London: Printed for J. Hodges, 1740.
Octavo: 19.8 x 12.4 cm. (xvi), 289, (7) p. Collation: A-T8, U4
SOLE EDITION IN ENGLISH.
Bound in contemporary calf, spine gilt, later gold tooled label, discreet repairs to foot of spine and corners. Internally a very nice, fresh copy. Unidentified 18th c. armorial bookplate on front paste-down.
The sole English edition of “Nouveau recueil d'observations chirurgicales”(1702), by the Parisian obstetrician and surgeon Barthélemy Saviard, who practiced at the Hôtel-Dieu. The book details procedures Saviard performed for difficult pregnancies, prolapses of the uterus, breast cancer, anorectal malformations in children, fractures of the head and limbs, an operation on the slit throat of an attempted suicide, post-mortem dissections of pregnant women, treatments of dog, cat, and viper bites, a case of metastatic cancer, etc. The book concludes with details of medicinal preparations used by Saviard.
“This is a valuable collection of cases, containing a description of the tourniquet (using that name) as applied at the Hôtel Dieu in 1688 in a case of successful ligation of the femoral artery for a wound of that vessel. He refers to the pernicious atmosphere of the Hôtel Dieu and its effects on wounds, gives an interesting note on Frère Jacques (the lithotomist), describes a case of dermoid cyst of the ovary and one of congenital absence of the penis (penile agenesis), and gives details of some remarkable cases of lithotomy. It is a book worth having.” (Billings, History and Literature of Surgery, p. 59).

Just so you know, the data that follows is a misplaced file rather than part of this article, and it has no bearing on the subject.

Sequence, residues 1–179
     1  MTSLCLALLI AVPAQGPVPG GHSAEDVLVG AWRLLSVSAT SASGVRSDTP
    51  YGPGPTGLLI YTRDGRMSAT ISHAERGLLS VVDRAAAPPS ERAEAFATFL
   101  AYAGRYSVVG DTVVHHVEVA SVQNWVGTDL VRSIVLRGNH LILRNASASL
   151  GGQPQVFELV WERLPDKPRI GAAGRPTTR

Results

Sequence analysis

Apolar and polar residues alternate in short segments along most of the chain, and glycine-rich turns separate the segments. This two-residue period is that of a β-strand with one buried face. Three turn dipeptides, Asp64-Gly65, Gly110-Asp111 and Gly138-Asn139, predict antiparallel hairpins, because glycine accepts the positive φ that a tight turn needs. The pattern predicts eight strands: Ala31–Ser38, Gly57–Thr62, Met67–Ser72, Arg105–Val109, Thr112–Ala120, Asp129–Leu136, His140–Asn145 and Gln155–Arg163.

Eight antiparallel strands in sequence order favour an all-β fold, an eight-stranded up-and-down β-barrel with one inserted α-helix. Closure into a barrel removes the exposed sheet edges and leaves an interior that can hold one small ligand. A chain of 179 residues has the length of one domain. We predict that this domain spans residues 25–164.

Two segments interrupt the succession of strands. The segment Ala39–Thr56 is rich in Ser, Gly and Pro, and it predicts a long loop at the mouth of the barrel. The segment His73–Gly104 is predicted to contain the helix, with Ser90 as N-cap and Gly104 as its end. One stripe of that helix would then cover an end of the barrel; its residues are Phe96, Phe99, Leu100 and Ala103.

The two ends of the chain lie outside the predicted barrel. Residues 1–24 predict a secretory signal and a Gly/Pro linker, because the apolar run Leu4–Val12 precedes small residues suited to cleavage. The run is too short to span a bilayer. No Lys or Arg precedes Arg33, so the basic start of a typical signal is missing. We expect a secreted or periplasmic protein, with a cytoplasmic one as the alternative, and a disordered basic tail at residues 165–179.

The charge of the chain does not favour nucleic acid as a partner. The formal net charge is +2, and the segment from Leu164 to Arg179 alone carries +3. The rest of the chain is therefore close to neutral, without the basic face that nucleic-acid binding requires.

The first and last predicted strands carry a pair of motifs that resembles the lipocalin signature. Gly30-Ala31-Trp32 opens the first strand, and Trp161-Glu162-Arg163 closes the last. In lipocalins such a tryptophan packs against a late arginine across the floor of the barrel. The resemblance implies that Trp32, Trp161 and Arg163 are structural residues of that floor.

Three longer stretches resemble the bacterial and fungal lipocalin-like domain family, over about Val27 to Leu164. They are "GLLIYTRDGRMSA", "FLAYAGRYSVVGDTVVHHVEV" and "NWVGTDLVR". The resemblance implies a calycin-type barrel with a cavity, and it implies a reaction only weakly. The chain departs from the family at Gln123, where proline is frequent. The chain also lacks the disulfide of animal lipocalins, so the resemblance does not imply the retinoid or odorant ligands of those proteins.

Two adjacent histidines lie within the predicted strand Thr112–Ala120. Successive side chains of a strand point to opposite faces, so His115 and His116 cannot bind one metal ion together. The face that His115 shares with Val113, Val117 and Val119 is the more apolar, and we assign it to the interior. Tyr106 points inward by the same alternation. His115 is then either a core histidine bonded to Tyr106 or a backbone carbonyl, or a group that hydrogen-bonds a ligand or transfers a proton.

In Observation XXV (p. 35-44), Saviard recounts his examination of Marguerite Malaure, a woman with a prolapsed uterus, whom the physicians of Toulouse - having mistaken her prolapse for a penis- had diagnosed as a male-dominant hermaphrodite.
Malaure was ordered by the Parlement de Toulouse to live and dress as a man. Her subsequent attempts to live as a woman and to have the civil authorities recognize her as female were unsuccessful. When Saviard met Malaure in Paris in 1693, she was embracing the identity of hermaphrodite out of necessity. Dressing as a man, she supported herself by displaying her genitals and prolapse for a fee at public and private meetings of physicians and surgeons.
Saviard (having paid the fee) examined Malaure at the Hôtel-Dieu, correctly identified her condition, confirmed that she was in fact a woman (not a hermaphrodite, and not a man) and performed a surgical procedure to correct the prolapse. Malaure then submitted a petition to the king demanding restitution of her status as a woman. Saviard’s report of his examination and surgery, submitted to the court, was instrumental in securing legal recognition of Malaure’s sexual identity.
Blake, NLM 18th cent., p. 403; ESTC T112468